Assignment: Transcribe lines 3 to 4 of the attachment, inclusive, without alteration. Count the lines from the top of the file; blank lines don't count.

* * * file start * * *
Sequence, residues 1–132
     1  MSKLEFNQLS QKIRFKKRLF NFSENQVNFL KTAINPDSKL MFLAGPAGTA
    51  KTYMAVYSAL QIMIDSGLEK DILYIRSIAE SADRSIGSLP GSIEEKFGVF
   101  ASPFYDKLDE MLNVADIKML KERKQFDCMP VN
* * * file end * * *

    51  KTYMAVYSAL QIMIDSGLEK DILYIRSIAE SADRSIGSLP GSIEEKFGVF
   101  ASPFYDKLDE MLNVADIKML KERKQFDCMP VN